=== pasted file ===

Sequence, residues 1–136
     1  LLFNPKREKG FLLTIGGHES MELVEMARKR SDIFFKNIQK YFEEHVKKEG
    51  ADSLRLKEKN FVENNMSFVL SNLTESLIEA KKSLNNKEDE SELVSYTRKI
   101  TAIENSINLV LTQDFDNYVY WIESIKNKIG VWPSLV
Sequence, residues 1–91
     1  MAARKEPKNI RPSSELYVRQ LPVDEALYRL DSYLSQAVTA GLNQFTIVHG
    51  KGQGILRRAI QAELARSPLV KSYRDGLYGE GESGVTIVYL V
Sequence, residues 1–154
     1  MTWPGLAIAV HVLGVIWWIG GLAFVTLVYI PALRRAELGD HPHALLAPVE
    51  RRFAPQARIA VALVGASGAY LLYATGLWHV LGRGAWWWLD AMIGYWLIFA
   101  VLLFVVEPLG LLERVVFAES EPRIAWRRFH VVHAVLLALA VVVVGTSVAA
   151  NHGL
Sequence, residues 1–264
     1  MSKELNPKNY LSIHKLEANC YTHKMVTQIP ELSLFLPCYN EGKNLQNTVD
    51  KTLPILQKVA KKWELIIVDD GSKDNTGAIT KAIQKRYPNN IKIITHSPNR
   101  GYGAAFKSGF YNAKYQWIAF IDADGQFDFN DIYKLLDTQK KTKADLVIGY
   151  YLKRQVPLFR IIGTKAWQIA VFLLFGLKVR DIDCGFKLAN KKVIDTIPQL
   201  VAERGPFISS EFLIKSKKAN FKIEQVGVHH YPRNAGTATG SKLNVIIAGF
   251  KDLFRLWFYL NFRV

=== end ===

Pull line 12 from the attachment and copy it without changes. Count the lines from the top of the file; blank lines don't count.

   151  NHGL